Early this month I drove through northeastern Pennsylvania on my way to a yoga workshop. Burnt orange and gold foliage still clung to mountain ridges. Many trees that had already surrendered their leaves stood spare. “Time to let go of what is not needed,” they might have said. I couldn’t help but think of them as harbingers of the quiet time in nature: that time when trees husband their life blood, plants die down, animals shelter in and all moves deeper toward stillness. This thought was a balm for the irritation and fatigue of this season in which the noise of the media, political campaigns, conversations, billboards and signs has felt aggressive, loud, and ubiquitous.
Perhaps not everyone finds comfort in nature. But, for me it has been the best balm during this time of noise, distress, and uncertainty in our culture. Simply lying on the ground of our front yard in the sunlight by the creek steadied and comforted me. Looking up through the yellow leaves on the maple branches to a clear blue sky connected me to something beyond the immediate chatter of the world. I felt quiet.
With the support of nature as a focal point, my mind was able to move away from distraction and agitation to a feeling of inner peace and calm, which is the true goal of yoga. Moving the mind to a place of clarity and calm, according to the Yoga Sutra, is facilitated by engaging in simple movement with the breath, breathing practices, chanting and focusing on anything that has positive qualities for us. This is the heart of yoga: meditation.
My experience of having lain on the ground under the maple tree became the object of focus for my meditation. The earth and tree represent for me the positive qualities of steadiness, groundedness, nourishment, and quiet. We all have the possibility of experiencing these things in our lives.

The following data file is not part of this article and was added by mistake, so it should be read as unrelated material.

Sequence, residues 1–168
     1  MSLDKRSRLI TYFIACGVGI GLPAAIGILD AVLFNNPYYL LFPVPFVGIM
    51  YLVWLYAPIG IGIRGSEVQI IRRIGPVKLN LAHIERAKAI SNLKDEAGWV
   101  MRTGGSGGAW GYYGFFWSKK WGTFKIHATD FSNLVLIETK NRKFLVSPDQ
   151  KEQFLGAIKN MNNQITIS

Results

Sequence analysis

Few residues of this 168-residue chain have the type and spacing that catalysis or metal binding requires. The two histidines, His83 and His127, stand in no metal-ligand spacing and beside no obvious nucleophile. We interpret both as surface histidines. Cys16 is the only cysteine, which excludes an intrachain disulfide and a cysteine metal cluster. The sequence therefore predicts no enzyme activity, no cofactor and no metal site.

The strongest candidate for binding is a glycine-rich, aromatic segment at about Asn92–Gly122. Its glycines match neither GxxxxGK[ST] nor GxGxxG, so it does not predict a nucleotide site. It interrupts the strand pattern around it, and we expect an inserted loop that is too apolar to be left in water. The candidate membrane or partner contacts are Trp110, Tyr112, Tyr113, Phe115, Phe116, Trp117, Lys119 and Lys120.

Notice what are you doing when you are most at peace? What is your mind connected to at that moment? Where are you when the sense of peace, joy and quiet washes over you? The answers to these questions may help you find a focal point. For me it was earth and tree; for you it might be the sun, moon, your God, children or the flowers in your garden. Whatever it is, bring the image of that to your mind. Finding a picture of a tangible object representing your focal point can greatly help. As you look at that image, notice how your mind becomes absorbed in the object and its qualities. Observe how your mind changes and how these changes show up in your life.
The awareness that the mind through our effort is capable of connecting to something other than its usual chatter is the beginning of a meditation practice. As you set forth to move your mind to a place of greater clarity, you may find the peace you have been seeking. The process may be as simple as connecting to your object of focus when you think of it, or as formal as a traditional meditation practice. If we set an intention to connect with the qualities of our object of focus on a regular basis and maintain a patient, positive attitude while doing so, we will see that the benefits of meditation are always available for us.